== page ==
Jake the Snake
I'm sure your political correspondent, Jacob Weisberg, is smart and sophisticated and all that. I'm sure he's wise to the ways of Clinton and his handlers. Nobody will pull the wool over Weisberg's eyes. But it's a bore to read someone who's so confident in his own perspective that everything seems tired and transparent to him. His Nov. 5 "Dispatch" ("On the Campaign Trail") was a real exception--he told us what Clinton said, and he told us a little bit about how what Clinton said was experienced by those who heard him. He made the scene seem interesting, alive, and real. That's not my normal experience with Weisberg's columns. Anyway, if it's the start of a trend, it's a good trend, and I think he ought to continue in this vein. When he's bored, we're bored. When he makes an effort to look around and see and comment, we're interested and rewarded.
Beat the Press
In his "Dialogue" with Susan Estrich ("Did Clinton Harass Paula Jones?") and his "Hey, Wait a Minute" column ("Paula Jones vs. Anita Hill"), Stuart Taylor Jr. argues that the "press" has stifled coverage of Paula Jones' lawsuit against the president.
Taylor, however, sheds no new light on the subject. He tells us nothing substantive about this case that the New York Times and the Washington Post had not already reported. Also, it's important to point out that Jones' suit is currently winding its way through the justice system.
Because Taylor reveals no new facts, I have to believe the press has done quite an adequate job. And, because the case is pending, some patience is probably in order. What's left to say? What does Taylor suggest? Should the press try the case, as he, apparently, has already done? Unlike Taylor, I'm confident the press will keep me adequately and fairly informed as the courts dispense justice fairly in this matter. Get a better shtick, Taylor. Beating up on the press is old and tiresome. Just like Bob Dole.
I would like to clarify a point I made in an "E-Mail to the Editors" that Slate published last week. My e-mail responded to Paul Krugman's "Economic Culture Wars," a polemic against more "literary-minded" economists like James K. Galbraith. Krugman responded to my e-mail in his "Dialogue" with Galbraith ("Who's the Real Economist?").
The point I tried to make in my e-mail was that Krugman confuses mathematical rigor with science. I have no criticism of the former (and use it myself), except to note that many important issues cannot be quantified. Instead, I believe we need a version of the "serenity prayer": Economists need the skills to do quantitative research, the knowledge needed for qualitative research, and the wisdom to know when each is appropriate and what its limits are.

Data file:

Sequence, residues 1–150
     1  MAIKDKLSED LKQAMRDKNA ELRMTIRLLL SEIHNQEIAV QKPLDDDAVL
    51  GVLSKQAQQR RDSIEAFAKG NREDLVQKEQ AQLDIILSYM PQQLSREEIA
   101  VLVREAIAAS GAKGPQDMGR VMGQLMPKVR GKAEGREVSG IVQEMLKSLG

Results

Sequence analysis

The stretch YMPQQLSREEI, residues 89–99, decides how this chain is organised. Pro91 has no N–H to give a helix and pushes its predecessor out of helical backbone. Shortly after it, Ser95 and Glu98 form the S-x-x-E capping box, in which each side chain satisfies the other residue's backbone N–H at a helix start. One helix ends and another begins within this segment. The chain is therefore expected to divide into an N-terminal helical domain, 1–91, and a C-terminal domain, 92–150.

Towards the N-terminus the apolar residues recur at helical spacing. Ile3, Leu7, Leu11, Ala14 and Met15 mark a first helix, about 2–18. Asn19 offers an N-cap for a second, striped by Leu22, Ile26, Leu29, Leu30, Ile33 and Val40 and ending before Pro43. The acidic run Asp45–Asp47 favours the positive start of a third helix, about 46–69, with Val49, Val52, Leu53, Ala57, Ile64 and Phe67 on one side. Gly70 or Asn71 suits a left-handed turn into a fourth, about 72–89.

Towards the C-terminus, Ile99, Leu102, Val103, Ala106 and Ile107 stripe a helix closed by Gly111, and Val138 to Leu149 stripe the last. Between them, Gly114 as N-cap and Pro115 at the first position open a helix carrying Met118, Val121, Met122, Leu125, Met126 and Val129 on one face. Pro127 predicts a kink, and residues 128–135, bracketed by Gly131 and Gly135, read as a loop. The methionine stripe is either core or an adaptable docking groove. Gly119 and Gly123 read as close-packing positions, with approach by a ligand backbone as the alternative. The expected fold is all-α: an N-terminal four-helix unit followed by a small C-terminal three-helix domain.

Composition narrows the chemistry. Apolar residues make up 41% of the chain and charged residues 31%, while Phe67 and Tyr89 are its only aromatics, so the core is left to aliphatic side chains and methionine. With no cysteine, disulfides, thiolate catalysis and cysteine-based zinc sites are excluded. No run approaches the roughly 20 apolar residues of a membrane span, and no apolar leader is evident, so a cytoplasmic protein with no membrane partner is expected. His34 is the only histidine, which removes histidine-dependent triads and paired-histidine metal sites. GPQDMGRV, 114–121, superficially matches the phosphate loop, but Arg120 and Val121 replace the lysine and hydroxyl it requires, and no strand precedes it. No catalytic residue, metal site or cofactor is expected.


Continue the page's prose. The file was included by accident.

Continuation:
Science, on the other hand, involves avoiding a dogmatic attachment to any method of analysis. It also entails being open to reading and respecting ideas one disagrees with. This involves, among other things, avoiding criticizing someone's book without reading it simply because the author is a lawyer and not an economist, as Krugman has done with Robert Reich's The Work of Nations.
A scientific attitude also involves eschewing the glorification of the self-appointed and self-promoting academic pecking order of "Big Name" schools and authors. This kind of glorification might be justified if economics were actually like physics, with a clear ability to predict the behavior of our subject matter so that we could objectively decide which economists were better than others. Having attended two Big Name schools, I know that we can't take anybody's work for granted. Some of these Nobel Prize winners don't want to deal with empirical reality at all.
My irritation with the adulation of Big Names does not arise from my lack of fame, or from my working at a small university (which gives me freedom from "publish or perish": I can write what and when I like, rather than having to "crank it out"). On the contrary, it comes from my experience with many colleagues who have jumped from fad to fad, from rational expectations to New Keynesianism (a k a monetarism), without any kind of historical perspective, just an eye to what the economics celebrities are saying. It surprises me to see a Big Name economics journalist like Krugman following this trend, and, further, using it to discourage dissent within the profession.
--James Devineprofessor of economicsLoyola Marymount University
Just a small quibble with Sarah Kerr's review of Breaking the Waves ("Sex and Longing"). Kerr claims that Lars Von Trier's last film to reach American audiences was Zentropa, when (as the "Links" section at the bottom of the article correctly notes) Von Trier's last film to reach these shores was The Kingdom, a film which, while made for television, was given a theatrical release in the United States.
Golden State Go Home
I want to report that, somehow, your quality control slipped, and you let Robert Ferrigno's "Letter From Washington" ("Kiss My Tan Line") slide into Slate! Ferrigno's article purports to be about Washington state becoming a northern franchise of California, but it reads more like a case of deadline desperation.
I am a Yakama Indian from Washington state. Having lived here my entire life, I find Ferrigno's premise offensive and his point of view so lacking in humor, nuance, balance, and perception, that, were I a subscriber, I would drop Slate in a second! And he makes a living writing?
I don't care that most of you on Slate are not from Washington state, and that your sympathies may not be with Ferrigno. The simple truth is that if this article were meant to be a column or an opinion piece, it should have been marked as such and not presented as "hard journalism" or a report from the field.